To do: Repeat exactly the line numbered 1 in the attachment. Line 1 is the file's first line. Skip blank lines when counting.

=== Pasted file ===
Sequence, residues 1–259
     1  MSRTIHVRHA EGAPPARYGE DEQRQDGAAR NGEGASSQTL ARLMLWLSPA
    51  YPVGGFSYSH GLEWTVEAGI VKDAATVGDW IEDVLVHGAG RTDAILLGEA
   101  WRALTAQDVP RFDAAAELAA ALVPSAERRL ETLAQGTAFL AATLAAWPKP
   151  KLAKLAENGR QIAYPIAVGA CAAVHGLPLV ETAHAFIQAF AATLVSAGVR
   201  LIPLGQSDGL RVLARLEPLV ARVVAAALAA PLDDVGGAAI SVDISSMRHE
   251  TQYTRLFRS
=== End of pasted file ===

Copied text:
Sequence, residues 1–259